Steve Stewart-Williams’ book about human evolution in all its various fascinating forms begins with an intriguing premise – that we’re so busy being human we don’t stop to notice what strange creatures we are, so what would happen if we examined ourselves from the perspective of a hyper -intelligent alien species? It’s a novel way of tackling a dry subject, but Stewart-Williams doesn’t do enough with it to make it interesting. Maybe if he’d channelled Mork from Ork sending a report back to Orson the outcome would have been different, but as it stands The Ape that Understood the Universe – despite being packed with interesting ideas – is a hard slog to get through.
During that slog, Stewart-Williams discusses everything from Charles Darwin, the differences between the sexes (did you know that the largest number of children any woman has given birth to is sixty-nine?! True, it was nineteenth-century Russia and there was no TV…), dating, mating and baby-making, our capacity for altruism and culture, and how to win an argument with someone who’s on a complete downer when it comes to evolutionary psychology and memetics. Of course, our answer to that would be “why bother?” but that would rather undermine the whole point of the book.
Working from the visiting alien’s central question – how did an ape evolve the intelligence to understand the vastness of our universe? – Stewart-Williams ticks off our survival-of-the-fittest imperative to live long healthy lives so that our genes can be passed on for generations, and then spends a lot of time discussing the differences between sexes and the often very opposite desires that motivate us. He also raises the indisputable point that our civilisation is, at any given time, potentially able to enjoy the sum total of all the thousands of years of knowledge that came before it. To that degree, it’s both a hopeful book and a deeply depressing one. After all, the way we’re currently allowing history to repeat itself (in the worst possible way) means we might be standing on the summit of mankind’s knowledge but we’re still refusing to learn from our ancestors' mistakes. Still, we've invented VR goggles and the iPhone X so it can’t be all bad.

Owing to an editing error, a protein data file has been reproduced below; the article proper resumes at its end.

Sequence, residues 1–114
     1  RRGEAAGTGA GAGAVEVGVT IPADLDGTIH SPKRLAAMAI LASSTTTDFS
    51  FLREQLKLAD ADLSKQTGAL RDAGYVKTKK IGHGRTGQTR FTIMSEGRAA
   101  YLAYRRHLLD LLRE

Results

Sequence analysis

If you’re in the market for an academic tome that’s dressed itself up with a quasi sci-fi conceit to make itself sound more approachable, then The Ape that Understood the Universe is for you. Otherwise, if you want to find out more about the evolution of the species, there are plenty of less intensely written books out there. But that’s just our opinion. Maybe we’re just The Ape that Didn’t Understand The Ape that Understood the Universe…
THE APE THAT UNDERSTOOD THE UNIVERSE / AUTHOR: STEVE STEWART-WILLIAMS / PUBLISHER: CAMBRIDGE UNIVERSITY PRESS / RELEASE DATE: OUT NOW